Democrats were quick to blame Republicans for the vicious attack on Paul Pelosi without mentioning the rising tide of violence this year against conservative targets, prompting Republicans to jog the memories of their colleagues across the aisle.
Republican National Committee Chairwoman Ronna McDaniel pushed back Sunday as Democrats and media outlets sought to connect ads vilifying House Speaker Nancy Pelosi to the Friday attack on her husband at their San Francisco home by a hammer-wielding intruder.
Ms. McDaniel pointed out that political violence is a two-way street. She cited the June arrest of a man charged with attempting to assassinate Supreme Court Justice Brett M. Kavanaugh and the attack on Rep. Lee Zeldin of New York at a July campaign stop in his gubernatorial run.
“I think this is a deranged individual. You can’t say people saying, ‘Let’s fire Pelosi’ or ‘Let’s take back the House’ is saying, ‘Go do violence.’ It’s just unfair,” Ms. McDaniel said on “Fox News Sunday.” “And I think we all need to recognize violence is up across the board. Lee Zeldin was attacked. We had an assassination attempt against Brett Kavanaugh.”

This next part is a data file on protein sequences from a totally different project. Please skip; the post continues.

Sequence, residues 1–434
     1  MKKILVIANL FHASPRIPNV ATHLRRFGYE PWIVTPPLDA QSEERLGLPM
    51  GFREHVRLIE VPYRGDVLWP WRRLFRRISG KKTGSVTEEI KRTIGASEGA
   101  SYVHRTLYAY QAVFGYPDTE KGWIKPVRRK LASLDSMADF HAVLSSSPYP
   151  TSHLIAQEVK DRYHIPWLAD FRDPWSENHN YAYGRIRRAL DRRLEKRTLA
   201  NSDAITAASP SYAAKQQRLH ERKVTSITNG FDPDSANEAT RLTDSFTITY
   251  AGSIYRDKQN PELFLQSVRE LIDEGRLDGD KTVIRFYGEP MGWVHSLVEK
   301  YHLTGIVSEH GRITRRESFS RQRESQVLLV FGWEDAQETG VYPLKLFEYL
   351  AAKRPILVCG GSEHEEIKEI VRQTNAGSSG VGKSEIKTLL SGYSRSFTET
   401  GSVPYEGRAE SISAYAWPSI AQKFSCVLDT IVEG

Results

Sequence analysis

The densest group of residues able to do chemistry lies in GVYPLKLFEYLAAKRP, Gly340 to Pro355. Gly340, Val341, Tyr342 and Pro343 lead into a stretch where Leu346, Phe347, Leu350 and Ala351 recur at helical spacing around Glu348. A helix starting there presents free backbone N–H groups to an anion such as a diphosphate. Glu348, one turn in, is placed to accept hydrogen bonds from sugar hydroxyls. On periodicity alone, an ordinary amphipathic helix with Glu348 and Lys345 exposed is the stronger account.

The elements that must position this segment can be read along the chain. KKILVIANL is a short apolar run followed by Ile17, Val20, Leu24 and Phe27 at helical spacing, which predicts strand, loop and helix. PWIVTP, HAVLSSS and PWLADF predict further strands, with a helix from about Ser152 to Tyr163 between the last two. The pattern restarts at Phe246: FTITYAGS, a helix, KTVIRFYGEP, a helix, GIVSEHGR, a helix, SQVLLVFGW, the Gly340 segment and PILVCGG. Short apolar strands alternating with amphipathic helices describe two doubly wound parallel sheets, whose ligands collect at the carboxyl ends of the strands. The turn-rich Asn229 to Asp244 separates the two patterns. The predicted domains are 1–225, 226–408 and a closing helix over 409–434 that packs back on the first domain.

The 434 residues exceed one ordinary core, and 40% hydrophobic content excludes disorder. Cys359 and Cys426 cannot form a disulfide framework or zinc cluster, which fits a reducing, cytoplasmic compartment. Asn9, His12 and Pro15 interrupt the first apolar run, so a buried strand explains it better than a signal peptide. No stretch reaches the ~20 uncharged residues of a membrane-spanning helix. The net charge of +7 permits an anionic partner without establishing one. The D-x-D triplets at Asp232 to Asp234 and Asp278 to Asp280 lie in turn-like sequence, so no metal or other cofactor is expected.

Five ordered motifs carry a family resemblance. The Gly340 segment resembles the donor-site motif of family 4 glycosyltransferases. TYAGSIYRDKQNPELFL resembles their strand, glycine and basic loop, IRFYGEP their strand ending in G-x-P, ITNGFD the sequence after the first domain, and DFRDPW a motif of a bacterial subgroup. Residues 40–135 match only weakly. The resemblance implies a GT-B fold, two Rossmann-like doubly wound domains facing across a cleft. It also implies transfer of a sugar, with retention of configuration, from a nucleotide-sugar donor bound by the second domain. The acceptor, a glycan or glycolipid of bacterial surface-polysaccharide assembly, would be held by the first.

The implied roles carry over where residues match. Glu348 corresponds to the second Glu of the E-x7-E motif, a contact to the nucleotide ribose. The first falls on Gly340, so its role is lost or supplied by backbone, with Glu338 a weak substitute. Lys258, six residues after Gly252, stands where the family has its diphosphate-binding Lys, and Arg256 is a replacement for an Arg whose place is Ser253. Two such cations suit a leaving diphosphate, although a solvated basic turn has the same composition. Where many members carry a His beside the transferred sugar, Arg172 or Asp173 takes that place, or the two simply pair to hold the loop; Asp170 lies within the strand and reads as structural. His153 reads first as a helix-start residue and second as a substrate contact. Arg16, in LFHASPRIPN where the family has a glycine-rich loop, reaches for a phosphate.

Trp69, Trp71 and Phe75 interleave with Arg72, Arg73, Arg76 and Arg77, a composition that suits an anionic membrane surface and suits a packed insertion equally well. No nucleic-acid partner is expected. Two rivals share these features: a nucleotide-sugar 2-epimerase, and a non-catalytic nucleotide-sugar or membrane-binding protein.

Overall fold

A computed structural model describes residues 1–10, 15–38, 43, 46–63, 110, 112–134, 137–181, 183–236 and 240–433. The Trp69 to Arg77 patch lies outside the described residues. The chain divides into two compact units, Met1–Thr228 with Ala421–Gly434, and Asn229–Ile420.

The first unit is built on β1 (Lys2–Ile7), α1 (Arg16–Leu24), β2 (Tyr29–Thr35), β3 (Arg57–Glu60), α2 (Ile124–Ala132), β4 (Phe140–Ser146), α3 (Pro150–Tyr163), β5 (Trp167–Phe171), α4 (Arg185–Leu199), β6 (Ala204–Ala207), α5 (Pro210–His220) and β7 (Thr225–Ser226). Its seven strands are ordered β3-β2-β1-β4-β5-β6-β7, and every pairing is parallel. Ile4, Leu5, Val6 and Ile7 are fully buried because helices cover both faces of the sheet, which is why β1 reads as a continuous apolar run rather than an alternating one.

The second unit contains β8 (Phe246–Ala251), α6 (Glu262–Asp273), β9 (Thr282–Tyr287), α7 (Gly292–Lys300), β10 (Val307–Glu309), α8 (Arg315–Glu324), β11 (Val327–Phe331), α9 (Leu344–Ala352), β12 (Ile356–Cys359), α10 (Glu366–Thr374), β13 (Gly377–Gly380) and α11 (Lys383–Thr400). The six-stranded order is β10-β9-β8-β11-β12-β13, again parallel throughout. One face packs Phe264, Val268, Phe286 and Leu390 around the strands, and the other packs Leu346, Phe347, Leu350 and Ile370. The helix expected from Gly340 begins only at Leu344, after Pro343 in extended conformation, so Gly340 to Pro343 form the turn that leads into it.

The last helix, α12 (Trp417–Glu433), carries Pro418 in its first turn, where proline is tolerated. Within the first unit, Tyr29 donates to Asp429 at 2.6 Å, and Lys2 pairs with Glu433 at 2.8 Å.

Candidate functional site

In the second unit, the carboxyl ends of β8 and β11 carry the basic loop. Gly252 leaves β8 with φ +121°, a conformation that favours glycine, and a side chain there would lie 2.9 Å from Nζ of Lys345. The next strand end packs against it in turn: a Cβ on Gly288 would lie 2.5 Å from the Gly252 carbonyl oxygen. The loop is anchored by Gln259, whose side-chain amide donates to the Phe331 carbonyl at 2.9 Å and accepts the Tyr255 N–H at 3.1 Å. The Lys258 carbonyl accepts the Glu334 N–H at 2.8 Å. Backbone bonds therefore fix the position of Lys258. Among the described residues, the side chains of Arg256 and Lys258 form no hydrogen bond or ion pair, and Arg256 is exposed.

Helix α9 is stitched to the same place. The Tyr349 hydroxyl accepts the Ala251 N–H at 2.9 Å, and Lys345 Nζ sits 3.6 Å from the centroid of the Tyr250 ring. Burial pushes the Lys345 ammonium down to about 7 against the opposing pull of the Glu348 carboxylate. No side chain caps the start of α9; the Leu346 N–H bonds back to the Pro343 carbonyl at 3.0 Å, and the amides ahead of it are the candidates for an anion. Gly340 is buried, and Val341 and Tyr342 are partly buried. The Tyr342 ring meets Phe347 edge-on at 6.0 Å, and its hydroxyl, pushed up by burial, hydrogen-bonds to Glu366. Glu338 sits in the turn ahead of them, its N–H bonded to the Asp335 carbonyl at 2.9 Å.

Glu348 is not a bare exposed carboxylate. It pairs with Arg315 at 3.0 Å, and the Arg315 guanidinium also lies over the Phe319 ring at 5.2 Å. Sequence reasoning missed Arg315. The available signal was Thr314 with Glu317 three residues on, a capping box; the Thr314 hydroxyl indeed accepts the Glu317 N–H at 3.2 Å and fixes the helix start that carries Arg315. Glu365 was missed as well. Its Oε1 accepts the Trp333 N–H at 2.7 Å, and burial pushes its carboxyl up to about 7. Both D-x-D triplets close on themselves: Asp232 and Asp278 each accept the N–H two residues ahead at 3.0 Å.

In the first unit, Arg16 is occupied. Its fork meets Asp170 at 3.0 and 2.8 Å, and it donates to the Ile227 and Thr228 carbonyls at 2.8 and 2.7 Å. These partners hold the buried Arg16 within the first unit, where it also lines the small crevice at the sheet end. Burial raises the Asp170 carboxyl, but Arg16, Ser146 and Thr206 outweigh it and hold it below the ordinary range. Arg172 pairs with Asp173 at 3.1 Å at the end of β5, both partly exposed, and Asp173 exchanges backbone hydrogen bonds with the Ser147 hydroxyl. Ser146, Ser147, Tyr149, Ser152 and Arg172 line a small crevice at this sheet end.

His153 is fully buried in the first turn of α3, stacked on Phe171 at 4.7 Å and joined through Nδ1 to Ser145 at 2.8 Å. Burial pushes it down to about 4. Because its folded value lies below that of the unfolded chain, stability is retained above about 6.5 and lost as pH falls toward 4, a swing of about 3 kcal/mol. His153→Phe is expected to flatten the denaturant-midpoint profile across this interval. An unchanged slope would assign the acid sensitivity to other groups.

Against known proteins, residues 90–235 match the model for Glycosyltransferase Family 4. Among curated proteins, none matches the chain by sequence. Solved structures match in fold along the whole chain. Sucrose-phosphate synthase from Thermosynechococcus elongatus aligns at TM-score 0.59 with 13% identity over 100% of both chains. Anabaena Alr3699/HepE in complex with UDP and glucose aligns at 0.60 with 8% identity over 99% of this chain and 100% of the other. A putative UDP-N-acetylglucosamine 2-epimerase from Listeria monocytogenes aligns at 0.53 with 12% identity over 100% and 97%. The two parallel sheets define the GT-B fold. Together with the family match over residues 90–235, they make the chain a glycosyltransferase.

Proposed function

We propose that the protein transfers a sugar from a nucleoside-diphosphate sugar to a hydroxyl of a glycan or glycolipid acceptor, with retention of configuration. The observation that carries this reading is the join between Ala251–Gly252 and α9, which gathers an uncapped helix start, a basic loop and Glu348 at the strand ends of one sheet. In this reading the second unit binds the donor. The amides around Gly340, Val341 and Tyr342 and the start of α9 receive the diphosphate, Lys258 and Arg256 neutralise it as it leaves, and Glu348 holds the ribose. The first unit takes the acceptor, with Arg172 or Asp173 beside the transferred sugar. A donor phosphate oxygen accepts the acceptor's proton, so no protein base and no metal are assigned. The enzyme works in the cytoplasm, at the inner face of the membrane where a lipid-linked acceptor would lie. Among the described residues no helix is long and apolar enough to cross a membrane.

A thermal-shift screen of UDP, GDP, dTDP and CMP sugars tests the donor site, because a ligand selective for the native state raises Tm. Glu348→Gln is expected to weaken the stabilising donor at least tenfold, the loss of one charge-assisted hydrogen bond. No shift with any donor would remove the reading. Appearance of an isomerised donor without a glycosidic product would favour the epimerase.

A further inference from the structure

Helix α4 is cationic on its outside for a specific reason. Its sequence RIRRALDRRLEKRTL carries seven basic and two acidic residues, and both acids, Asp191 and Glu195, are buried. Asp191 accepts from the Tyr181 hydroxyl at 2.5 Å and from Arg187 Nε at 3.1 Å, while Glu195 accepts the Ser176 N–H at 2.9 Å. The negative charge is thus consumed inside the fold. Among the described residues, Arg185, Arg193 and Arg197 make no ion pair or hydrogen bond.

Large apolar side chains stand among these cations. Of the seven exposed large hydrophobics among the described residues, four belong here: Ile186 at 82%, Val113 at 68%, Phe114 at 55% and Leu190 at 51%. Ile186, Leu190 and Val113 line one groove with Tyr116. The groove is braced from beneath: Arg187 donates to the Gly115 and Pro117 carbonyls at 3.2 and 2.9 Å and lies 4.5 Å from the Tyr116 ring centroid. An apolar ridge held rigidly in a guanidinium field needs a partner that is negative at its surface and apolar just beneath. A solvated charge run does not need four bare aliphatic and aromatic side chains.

Mr. Pelosi, 82, was recovering Sunday after undergoing surgery for a fractured skull. The Friday assault quickly became fodder for midterm election narratives in both parties.
For Republicans, the attack represented an example of out-of-control crime in major Democratic-run cities. For Democrats, the incident was touted as a manifestation of the threat from the right that emerged during the Capitol riot on Jan. 6, 2021.
SEE ALSO: Accused attacker of Paul Pelosi had zip ties, wrote a blog with fairy rantings, extreme screeds
President Biden referred to reports that the suspect, 42-year-old David Depape of Berkeley, California, repeated the “same chant” of “Where’s Nancy?” used during the riot.